We were incorporated in the second half of 2007 and commenced operations in late 2008. Our operations to date have been primarily limited to organizing and staffing our company, business planning, raising capital, acquiring and developing our
technology, identifying potential product candidates, undertaking preclinical and clinical studies of our product candidates, and establishing a commercial infrastructure. All of our product candidates are still in preclinical and clinical development, with the exception of TIBSOVO® and IDHIFA®. Typically, it takes about 10 to 15 years to develop one new medicine from the time it is discovered to when it is available for treating patients, assuming that it successfully completes all stages of research and development and achieves marketing approval, all of which is highly uncertain. Consequently, any predictions you make about our future success or viability may not be as accurate as they could be if we had a longer operating history.
We may encounter unforeseen expenses, difficulties, complications, delays and other known and unknown factors that may adversely affect our ability to successfully commercialize our products and product candidates. We are in the early stages of transitioning from a company with solely a research focus to a company capable of supporting commercial activities and we have not yet demonstrated our ability to conduct large-scale sales and marketing activities necessary for successful commercialization. We may not be successful in such a transition.
We expect our financial condition and operating results to continue to fluctuate significantly from quarter to quarter and year to year due to a variety of factors, many of which are beyond our control. Accordingly, you should not rely upon the results of any quarterly or annual periods as indications of future operating performance.
Risks Related to the Discovery, Development, and Commercialization of our Product Candidates
We may not be successful in our commercialization of TIBSOVO®. If we do not successfully commercialize TIBSOVO® for the treatment of adult patients with R/R AML with a susceptible IDH1 mutation, our future prospects may be substantially harmed.
In July 2018, the FDA approved TIBSOVO® for the treatment of adult patients with R/R AML with a susceptible IDH1 mutation, and in May 2019, the FDA approved TIBSOVO® for the treatment of adult patients with newly diagnosed AML with a susceptible IDH1 mutation who are at least 75 years old or who have comorbidities that preclude use of intensive induction chemotherapy. We are still evaluating ivosidenib in other clinical trials for the treatment of IDH1 mutant-positive cancers. Our ability to generate product revenue from TIBSOVO® will depend heavily on our successful development and commercialization of the product.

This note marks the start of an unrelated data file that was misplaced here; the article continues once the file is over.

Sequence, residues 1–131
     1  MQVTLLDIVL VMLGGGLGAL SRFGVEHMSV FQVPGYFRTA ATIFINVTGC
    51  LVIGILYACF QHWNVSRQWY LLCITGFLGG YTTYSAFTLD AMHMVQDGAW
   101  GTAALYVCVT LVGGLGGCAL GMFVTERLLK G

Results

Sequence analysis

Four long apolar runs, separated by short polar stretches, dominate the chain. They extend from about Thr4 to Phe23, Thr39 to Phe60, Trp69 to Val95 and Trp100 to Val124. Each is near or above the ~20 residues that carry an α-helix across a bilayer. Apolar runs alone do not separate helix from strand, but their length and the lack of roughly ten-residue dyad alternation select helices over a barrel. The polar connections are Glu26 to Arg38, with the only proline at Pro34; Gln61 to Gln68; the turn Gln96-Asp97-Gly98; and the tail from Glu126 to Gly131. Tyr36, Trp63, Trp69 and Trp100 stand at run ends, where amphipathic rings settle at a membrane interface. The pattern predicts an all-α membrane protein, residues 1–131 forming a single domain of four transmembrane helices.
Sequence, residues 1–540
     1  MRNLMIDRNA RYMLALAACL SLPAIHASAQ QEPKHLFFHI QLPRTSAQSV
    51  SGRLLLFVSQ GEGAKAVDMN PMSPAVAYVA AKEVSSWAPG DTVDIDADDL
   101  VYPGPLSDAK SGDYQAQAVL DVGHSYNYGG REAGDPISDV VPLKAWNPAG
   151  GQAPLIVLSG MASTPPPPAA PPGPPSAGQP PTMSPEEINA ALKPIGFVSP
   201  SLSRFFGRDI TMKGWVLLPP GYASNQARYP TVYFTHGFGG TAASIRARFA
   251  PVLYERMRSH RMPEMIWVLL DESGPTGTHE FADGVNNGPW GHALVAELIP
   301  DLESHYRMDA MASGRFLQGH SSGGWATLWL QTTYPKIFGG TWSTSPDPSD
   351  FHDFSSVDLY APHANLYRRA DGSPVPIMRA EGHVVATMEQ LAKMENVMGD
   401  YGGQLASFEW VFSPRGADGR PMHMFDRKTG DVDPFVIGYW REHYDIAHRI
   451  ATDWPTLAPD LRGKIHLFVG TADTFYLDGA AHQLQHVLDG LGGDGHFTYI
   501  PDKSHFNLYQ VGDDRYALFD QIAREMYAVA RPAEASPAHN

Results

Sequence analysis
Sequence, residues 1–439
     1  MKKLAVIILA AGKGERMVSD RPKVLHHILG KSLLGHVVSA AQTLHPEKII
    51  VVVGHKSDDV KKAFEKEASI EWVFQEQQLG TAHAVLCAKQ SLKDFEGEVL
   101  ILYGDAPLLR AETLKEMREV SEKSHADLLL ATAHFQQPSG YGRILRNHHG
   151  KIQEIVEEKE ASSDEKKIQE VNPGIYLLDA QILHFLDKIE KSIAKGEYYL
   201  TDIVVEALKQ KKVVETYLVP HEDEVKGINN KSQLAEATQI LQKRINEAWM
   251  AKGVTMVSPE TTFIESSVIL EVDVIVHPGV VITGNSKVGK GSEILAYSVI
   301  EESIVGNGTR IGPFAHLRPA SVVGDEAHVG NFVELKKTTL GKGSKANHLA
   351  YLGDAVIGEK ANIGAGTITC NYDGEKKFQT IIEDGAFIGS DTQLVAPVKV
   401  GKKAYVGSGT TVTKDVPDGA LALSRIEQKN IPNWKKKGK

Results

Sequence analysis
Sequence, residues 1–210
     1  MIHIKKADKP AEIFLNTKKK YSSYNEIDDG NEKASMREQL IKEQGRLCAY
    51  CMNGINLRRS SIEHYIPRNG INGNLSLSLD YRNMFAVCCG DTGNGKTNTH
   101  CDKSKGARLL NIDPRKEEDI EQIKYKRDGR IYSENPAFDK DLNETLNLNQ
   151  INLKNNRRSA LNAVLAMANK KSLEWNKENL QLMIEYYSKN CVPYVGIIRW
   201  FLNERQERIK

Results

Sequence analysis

The development and commercialization of TIBSOVO® (ivosidenib) could be unsuccessful if:
•TIBSOVO® becomes no longer accepted as safe, efficacious, and cost-effective for the treatment of adult patients with R/R AML with a susceptible IDH1 mutation in the medical community and by third-party payors;
•we fail to maintain the necessary financial resources and expertise to manufacture, market and sell TIBSOVO®;
•we fail to continue to develop and implement effective marketing, sales and distribution strategies and operations for the development and commercialization of TIBSOVO®;
•we fail to continue to develop, validate and maintain a commercially viable manufacturing process for TIBSOVO® that is compliant with current good manufacturing practices;
•we fail to successfully obtain third party reimbursement and generate commercial demand that results in sales of TIBSOVO®;
•we encounter any third party patent interference, derivation, inter partes review, post-grant review, reexamination or patent infringement claims with respect to ivosidenib;
•we fail to comply with regulatory and legal requirements applicable to the sale of TIBSOVO®;
•competing drug products are approved for the same indications as TIBSOVO®;
•new significant safety risks are identified;
•ivosidenib does not demonstrate acceptable safety and efficacy in current or future clinical trials, or otherwise does not meet applicable regulatory standards for approval in indications other than for the treatment of adult patients with R/R AML with a susceptible IDH1 mutation and the treatment of adult patients with newly diagnosed AML with a susceptible IDH1 mutation who are at least 75 years old or who have comorbidities that preclude use of intensive induction chemotherapy.
If we experience significant delays or an inability to successfully develop and commercialize TIBSOVO® (ivosidenib), our business would be materially harmed.